Benefits under PFLA constitutes another big difference from FMLA coverage. PFLA provides 12 weeks of job-protected, paid family leave time off. It also provides up to 20 weeks of job-protected paid medical leave, or a 26-week combination of family leave and medical leave in one benefit period.
In contrast, FMLA provides:
- 12 weeks of job-protected, unpaid family or medical leave in a calendar year, or
- 26 weeks of job-protected, unpaid family leave in a calendar year to care for a family member in the armed services.
The Compliance Challenge
HR compliance with state employment laws requires employers to obey municipal and federal laws. Keeping up with the changes to legislation and the regulatory guidance that follows is a full-time job. It may be more than the HR staff at some companies can handle. For some smaller companies, it is too expensive to hire additional HR staff to track the changes in the law. A more affordable option is to outsource HR compliance duties to a comprehensive HR outsourcing solution.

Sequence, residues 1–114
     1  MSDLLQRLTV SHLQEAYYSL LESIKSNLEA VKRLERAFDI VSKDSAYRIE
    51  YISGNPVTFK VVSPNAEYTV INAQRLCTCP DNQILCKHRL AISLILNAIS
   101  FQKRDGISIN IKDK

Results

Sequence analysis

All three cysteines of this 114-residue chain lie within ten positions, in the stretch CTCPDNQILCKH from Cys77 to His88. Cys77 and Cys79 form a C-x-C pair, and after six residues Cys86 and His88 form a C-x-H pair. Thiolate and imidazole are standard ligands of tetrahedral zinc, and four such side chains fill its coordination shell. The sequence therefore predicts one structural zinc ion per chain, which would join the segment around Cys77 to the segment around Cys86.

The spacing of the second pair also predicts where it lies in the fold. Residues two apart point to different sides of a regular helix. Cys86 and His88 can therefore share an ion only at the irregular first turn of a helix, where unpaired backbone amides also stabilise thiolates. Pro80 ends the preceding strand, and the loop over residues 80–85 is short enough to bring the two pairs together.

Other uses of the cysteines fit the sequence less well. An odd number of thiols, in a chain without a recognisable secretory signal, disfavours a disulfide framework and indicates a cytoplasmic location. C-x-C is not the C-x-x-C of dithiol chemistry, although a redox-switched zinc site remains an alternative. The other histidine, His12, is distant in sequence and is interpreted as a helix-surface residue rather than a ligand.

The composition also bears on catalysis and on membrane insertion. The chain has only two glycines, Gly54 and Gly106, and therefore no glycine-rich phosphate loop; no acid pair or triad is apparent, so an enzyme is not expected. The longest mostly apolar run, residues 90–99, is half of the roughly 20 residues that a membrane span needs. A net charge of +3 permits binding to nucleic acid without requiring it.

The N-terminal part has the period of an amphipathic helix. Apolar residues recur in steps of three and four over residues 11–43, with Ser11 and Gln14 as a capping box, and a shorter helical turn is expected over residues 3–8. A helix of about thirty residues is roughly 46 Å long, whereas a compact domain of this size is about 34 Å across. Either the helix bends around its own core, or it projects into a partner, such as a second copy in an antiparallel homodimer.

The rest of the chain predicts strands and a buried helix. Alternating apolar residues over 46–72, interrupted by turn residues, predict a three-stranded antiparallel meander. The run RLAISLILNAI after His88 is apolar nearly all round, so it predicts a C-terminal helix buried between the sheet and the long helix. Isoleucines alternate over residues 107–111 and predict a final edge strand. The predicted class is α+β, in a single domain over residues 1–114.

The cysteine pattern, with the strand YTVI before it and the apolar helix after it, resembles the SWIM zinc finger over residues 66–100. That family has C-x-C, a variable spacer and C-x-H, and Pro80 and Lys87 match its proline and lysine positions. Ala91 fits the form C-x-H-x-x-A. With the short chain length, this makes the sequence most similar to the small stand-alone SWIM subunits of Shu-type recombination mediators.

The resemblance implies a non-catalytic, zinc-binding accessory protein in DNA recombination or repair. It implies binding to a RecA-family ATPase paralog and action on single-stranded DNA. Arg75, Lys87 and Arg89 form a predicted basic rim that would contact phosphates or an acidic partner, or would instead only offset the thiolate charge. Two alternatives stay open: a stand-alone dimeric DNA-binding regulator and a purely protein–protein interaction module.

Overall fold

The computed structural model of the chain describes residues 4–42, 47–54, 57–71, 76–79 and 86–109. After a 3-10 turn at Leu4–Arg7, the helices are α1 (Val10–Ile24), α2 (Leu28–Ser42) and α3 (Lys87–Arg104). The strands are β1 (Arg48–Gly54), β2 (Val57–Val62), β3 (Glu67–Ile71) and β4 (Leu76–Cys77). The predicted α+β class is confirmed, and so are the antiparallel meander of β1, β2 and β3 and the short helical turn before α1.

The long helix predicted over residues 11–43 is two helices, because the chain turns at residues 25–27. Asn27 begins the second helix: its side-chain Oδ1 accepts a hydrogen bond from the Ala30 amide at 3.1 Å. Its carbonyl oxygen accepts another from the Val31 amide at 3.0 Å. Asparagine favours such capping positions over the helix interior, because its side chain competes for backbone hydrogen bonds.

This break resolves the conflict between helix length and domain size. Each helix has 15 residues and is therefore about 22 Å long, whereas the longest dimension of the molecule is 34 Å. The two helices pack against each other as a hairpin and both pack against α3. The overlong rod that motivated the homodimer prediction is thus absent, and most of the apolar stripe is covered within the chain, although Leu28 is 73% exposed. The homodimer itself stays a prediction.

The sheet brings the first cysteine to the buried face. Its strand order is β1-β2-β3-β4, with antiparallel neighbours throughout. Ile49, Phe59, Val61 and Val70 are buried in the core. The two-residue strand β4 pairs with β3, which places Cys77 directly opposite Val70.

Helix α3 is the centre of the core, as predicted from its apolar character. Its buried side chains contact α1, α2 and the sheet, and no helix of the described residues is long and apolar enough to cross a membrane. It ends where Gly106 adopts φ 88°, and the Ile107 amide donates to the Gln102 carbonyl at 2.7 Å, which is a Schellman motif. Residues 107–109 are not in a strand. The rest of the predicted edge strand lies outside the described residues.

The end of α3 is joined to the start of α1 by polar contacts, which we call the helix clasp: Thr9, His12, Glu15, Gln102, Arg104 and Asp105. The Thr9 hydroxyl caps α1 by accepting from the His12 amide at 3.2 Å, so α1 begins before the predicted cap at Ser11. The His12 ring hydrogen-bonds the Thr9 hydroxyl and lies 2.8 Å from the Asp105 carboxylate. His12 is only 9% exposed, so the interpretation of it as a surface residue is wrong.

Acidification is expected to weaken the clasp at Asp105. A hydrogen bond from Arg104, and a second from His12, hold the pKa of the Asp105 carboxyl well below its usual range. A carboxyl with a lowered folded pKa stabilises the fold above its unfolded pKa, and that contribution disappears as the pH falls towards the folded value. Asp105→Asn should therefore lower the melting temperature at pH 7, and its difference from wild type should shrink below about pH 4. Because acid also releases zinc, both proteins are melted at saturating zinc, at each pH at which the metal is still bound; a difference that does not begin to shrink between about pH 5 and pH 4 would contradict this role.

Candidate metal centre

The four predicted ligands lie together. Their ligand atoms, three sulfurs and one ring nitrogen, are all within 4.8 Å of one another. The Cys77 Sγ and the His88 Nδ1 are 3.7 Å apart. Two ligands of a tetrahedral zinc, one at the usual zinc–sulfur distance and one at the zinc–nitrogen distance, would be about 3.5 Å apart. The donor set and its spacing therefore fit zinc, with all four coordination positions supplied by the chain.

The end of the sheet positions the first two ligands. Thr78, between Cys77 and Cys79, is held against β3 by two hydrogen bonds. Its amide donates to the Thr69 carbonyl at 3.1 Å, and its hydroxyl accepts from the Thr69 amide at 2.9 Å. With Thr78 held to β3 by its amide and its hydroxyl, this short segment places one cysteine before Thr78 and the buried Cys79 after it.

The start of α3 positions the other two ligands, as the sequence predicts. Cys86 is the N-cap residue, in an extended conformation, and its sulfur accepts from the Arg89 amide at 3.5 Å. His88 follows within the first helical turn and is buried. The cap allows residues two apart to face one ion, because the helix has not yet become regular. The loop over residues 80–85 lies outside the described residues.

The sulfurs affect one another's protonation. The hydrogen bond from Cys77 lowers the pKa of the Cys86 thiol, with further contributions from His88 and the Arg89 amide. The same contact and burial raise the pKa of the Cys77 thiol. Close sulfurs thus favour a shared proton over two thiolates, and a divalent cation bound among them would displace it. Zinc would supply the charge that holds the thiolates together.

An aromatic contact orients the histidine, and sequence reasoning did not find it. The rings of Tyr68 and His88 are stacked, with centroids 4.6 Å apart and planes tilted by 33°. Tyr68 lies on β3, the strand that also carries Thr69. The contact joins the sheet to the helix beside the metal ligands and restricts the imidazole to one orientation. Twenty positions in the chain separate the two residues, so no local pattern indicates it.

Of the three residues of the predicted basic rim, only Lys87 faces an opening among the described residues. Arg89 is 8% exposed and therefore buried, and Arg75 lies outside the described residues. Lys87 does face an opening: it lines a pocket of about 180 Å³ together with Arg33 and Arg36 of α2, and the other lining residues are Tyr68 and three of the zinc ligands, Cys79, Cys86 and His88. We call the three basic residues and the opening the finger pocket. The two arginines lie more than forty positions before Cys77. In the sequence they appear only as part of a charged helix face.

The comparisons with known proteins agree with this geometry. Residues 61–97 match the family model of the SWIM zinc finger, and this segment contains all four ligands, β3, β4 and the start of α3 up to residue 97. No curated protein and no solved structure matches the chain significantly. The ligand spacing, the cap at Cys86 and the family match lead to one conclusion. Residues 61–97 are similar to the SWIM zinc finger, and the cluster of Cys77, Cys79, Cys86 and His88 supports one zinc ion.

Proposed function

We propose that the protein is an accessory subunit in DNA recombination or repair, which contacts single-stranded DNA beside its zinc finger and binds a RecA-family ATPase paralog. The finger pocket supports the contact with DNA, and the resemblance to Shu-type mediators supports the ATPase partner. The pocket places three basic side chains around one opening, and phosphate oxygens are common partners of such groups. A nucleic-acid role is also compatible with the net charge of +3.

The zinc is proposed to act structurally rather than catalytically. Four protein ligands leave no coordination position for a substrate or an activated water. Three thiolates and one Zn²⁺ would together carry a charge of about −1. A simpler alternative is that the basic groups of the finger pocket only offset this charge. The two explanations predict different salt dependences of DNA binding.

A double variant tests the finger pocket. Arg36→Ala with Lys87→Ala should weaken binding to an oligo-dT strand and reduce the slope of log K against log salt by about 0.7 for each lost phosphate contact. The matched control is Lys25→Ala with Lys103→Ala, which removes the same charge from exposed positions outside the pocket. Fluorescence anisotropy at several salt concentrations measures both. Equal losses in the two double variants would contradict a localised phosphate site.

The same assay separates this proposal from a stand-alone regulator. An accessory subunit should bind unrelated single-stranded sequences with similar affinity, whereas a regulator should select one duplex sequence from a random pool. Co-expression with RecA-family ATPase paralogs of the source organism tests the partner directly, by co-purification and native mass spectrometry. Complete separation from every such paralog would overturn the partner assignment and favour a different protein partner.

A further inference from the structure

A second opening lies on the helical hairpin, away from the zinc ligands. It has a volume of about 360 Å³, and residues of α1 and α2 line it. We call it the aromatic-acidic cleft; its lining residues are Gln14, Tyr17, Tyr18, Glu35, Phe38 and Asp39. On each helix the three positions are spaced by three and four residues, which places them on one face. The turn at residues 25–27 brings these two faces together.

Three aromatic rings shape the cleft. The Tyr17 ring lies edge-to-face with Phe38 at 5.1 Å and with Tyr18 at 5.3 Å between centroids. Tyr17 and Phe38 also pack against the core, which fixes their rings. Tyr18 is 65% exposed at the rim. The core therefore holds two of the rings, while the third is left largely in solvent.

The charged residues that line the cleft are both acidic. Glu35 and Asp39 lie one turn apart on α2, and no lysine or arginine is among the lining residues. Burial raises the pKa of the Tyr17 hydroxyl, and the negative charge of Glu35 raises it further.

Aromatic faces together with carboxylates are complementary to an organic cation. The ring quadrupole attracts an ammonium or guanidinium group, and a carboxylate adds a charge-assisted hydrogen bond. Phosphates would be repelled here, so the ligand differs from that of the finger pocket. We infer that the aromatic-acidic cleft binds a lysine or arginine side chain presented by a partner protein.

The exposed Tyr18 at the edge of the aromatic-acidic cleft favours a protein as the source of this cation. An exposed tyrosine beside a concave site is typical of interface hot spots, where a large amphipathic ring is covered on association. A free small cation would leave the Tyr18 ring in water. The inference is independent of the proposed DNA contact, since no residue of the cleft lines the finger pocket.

A comprehensive HR partner not only helps your business reap considerable savings in terms of both time and money. Your HR partner also takes on the statutory and regulatory compliance oversight that often burdens in-house HR staff while preventing the imposition of fines and penalties.